One of our up-and-coming scholars, Derek Olson, is working on a few articles for Episcopal Cafe.
Here is part of his most recent work on why the year 1054 matters to Anglicans...
As a result, the beginning of the problem in the Church began in the 2nd and 3rd centuries when the churches in Rome and north Africa began doing theology and liturgy in Latin rather than Greek. By the 4th and 5th centuries, two separate paths diverged—one in Greek, the other in Latin. Nowhere is this more evident than in the linguistic capabilities of the great Doctors of the Church in the patristic age. St Augustine himself admits his inability to converse in Greek; St Gregory the Great spent six years in Constantinople yet never learned Greek. St Leo too could neither read nor write it. While Sts Ambrose and Jerome were quite fluent in Greek, Jerome’s program of translating great Christian works from Greek into Latin further reduced the need for western clergy to learn the language—and formulations—of the eastern theologians. Photius, one of the greatest scholars of his age, knew no Latin.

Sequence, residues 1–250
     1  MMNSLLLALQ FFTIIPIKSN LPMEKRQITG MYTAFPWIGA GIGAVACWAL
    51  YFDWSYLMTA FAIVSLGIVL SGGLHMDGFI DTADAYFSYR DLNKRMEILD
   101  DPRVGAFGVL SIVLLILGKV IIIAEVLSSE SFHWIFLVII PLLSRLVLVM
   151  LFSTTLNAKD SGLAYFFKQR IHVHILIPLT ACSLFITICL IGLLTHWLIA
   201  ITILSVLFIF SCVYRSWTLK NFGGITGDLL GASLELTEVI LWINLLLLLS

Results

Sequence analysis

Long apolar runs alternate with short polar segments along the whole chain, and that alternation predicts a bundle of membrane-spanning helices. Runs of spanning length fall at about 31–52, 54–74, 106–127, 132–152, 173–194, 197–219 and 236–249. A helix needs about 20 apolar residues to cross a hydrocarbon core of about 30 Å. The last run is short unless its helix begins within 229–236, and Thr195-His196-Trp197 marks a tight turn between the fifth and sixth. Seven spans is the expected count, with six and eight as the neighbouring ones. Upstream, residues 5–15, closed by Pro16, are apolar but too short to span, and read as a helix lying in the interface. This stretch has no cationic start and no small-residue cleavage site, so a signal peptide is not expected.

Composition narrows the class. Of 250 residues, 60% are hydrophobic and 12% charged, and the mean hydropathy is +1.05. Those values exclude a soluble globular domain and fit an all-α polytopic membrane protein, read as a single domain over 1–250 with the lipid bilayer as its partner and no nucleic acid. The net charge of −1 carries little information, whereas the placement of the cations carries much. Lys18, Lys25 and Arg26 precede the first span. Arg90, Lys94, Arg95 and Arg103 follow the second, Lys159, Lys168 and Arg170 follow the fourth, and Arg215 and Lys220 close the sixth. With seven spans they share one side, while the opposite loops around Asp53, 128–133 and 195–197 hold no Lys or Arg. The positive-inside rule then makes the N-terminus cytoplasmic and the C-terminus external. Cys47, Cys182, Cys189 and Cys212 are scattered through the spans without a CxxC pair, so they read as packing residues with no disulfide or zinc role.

Read it all here...It is a good reflection on what is currently happening in the Anglican Communion.